For migrant and refugee women who have suffered trauma during sea journeys, learning to swim can be a healing experience. A swimming group in southern Germany helps refugee women from different parts of the world overcome their fears.
“Water lifts the body and the soul,” says Marianne Ermann. A retired social worker, Ermann has been helping asylum seeker families in Germany for more than three decades. Now in her late 70s, she still volunteers her time and energy. This week, Ermann was awarded a regional integration prize for her project “Therapeutic swimming for refugee women.”
The women meet once a week at the local indoor pool in the Bavarian town of Hersbruck. On her first day, Dalal from Iraq wore a borrowed pair of bathers. Her two sons, aged 10 and 18, were amazed to discover that she was going to learn to swim.
The aim of Ermann's project is to help women who have had traumatic experiences at sea during their journeys of migration to overcome their fears. The participants are helped to develop a sense of their bodies, and a sense of trust in themselves and the water.
So far, at least 40 women have been through the course. Batoul, a mother of five girls, is one of them. “In Syria, I always loved the sea,” she told the news agency epd. Another young woman from Syria, Nesril, looks after her girls while Batoul does some laps and concentrates on improving her skills.
In some of their home countries, these women would not be allowed to enter the water in public. They have never been taught to swim, and they are understandably afraid.
Marianne Ermann is there to offer support. “The thing that often makes people panic is not knowing how to put their feet back on the bottom when they’re in a swimming position,” Ermann says. “Head up, knees tucked in.” Once they learn that, the rest is easy.
Nesril, Batoul, Dasin, Gülenc, Jude, Hanan and Dalin are refugees from Syria, Turkey, Ethiopia or Pakistan. Two of them swim in a burkini – a kind of swimsuit that covers the arms, legs and head. Others wear a one-piece, while another woman is in just a bikini. The women are very different, yet they accept each other without prejudice, says Ermann. “That’s the best thing.”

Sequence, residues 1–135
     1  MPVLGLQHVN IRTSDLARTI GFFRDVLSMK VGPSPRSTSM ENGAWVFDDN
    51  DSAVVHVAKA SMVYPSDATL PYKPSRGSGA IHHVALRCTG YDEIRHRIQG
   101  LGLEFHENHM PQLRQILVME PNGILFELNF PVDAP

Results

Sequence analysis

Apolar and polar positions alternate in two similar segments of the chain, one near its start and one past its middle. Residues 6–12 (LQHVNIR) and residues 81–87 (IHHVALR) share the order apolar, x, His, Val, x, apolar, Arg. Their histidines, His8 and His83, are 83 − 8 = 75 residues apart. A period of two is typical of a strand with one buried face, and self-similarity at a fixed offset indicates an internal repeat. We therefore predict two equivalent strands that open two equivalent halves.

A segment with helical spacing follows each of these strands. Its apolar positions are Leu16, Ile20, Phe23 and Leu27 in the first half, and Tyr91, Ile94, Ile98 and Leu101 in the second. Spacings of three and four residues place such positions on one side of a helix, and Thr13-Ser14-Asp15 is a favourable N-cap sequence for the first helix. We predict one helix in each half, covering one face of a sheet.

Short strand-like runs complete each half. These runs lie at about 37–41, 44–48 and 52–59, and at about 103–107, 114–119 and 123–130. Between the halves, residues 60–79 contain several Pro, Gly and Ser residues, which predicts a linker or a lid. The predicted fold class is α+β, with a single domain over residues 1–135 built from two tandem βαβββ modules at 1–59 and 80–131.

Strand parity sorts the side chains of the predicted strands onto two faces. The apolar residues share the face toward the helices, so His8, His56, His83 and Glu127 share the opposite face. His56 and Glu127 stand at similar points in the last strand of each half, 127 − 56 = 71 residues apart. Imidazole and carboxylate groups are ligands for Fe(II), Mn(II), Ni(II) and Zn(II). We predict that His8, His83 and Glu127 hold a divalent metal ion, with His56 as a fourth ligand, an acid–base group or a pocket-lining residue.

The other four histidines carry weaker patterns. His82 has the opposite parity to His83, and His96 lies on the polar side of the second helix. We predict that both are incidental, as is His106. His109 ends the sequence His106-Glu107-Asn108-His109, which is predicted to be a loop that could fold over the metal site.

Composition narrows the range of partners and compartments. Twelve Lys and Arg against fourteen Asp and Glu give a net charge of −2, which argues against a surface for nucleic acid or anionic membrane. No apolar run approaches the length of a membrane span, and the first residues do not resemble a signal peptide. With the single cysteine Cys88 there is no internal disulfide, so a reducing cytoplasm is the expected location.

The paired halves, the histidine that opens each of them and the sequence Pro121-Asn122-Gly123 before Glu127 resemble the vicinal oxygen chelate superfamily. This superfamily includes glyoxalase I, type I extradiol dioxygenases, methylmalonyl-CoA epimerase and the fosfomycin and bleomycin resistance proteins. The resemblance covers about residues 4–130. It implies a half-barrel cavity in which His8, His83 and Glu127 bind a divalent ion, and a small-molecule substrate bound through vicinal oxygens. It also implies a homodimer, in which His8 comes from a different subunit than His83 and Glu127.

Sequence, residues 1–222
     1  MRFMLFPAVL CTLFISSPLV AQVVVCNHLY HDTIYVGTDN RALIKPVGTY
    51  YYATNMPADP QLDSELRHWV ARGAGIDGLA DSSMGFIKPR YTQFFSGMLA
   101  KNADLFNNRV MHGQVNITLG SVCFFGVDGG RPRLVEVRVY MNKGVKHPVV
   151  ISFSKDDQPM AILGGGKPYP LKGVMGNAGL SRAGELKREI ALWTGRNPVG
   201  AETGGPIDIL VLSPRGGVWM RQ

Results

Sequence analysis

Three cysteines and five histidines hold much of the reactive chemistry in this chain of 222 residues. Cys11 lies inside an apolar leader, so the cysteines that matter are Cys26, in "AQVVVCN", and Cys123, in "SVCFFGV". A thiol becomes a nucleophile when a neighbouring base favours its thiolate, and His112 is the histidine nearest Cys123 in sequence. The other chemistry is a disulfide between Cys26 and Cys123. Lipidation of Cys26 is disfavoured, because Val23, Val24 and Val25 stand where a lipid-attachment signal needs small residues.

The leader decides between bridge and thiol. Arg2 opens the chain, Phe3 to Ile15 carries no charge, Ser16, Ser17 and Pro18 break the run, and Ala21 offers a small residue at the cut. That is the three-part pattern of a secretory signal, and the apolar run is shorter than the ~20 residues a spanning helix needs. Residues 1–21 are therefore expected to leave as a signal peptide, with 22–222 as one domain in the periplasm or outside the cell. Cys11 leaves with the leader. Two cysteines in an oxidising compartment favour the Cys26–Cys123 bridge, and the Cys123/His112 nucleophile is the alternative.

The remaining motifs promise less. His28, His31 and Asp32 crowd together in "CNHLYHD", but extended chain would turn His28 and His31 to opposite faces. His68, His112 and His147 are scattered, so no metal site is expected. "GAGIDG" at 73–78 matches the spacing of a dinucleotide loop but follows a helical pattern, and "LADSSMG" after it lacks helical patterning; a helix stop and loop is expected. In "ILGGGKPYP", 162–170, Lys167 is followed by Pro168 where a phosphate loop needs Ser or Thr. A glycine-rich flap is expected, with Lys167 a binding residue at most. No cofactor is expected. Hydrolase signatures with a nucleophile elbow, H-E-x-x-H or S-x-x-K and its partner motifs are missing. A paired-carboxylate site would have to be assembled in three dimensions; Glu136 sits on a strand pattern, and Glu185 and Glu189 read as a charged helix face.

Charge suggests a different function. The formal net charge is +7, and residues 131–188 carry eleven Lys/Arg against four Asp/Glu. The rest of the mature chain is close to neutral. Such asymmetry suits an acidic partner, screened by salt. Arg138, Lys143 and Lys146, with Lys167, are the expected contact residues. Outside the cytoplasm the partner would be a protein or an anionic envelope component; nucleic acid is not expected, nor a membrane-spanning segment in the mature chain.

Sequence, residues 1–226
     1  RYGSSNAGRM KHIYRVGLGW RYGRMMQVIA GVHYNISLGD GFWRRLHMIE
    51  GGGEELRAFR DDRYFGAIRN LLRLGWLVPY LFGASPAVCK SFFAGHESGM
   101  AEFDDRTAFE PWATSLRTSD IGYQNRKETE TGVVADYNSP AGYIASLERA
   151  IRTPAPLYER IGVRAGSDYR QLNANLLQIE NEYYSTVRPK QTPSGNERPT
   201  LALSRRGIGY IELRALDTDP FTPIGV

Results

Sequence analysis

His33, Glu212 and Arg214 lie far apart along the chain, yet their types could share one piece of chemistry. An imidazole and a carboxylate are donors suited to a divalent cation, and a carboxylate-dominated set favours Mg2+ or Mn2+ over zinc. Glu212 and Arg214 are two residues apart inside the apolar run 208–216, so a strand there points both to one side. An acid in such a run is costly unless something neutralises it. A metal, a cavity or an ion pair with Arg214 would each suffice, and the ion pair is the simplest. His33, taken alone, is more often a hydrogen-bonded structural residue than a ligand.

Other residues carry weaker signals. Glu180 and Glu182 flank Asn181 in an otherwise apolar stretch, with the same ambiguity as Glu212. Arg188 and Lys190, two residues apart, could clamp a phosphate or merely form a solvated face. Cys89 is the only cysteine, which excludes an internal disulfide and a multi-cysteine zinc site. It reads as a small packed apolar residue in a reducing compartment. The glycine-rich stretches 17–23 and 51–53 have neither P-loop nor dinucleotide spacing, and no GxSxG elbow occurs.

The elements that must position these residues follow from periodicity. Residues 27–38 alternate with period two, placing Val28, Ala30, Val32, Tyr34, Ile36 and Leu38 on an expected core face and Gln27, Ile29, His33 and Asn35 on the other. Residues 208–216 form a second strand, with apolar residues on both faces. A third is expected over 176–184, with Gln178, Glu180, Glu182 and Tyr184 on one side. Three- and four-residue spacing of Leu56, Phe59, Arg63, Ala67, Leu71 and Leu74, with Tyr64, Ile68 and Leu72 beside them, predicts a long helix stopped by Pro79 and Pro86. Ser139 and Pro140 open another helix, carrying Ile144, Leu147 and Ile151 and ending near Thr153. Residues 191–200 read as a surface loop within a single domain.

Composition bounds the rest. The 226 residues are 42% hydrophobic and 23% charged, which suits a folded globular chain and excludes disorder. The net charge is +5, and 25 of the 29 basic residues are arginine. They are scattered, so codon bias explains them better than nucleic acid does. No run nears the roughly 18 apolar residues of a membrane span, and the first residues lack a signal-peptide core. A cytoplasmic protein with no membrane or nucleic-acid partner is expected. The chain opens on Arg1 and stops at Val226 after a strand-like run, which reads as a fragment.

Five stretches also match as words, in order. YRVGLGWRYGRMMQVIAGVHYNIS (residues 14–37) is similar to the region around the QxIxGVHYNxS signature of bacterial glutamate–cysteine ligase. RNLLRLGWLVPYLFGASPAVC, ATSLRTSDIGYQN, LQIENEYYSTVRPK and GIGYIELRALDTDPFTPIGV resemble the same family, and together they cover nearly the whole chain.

Sometimes, during the lesson, a woman will suddenly be reminded of the trauma she experienced. “Then we gather in close and do breathing exercises,” Ermann explains. Working alongside her is Hanan, a translator, whom the women have also learned to trust.
The group usually meets on Sunday mornings. Ermann will phone one of the women and says she’s free, and then the message is passed on to the rest. Ermann herself pays for the pool admission from donations.
When they are through the turnstile, she explains to the women who are new about using the lockers and the plastic entrance token. For those who don’t speak German, things like finding the toilets, or knowing what to do if you lose the token can be challenging. And what should you do when someone comes up and starts asking where you’re from? “Then just say Berlin,” is Ermann’s pragmatic suggestion.
There was one time when Ermann felt she had to step in to protect the women in the group. A young man by the side of the pool was watching the women intently. When Ermann approached him, he said “he was the son of one of the women in our group,” she explains. He just wanted to know whether his mother had been telling the truth and that she really could swim!
German water safety guidelines can be downloaded in several different languages here.
With material from a report by Jutta Olschewski, epd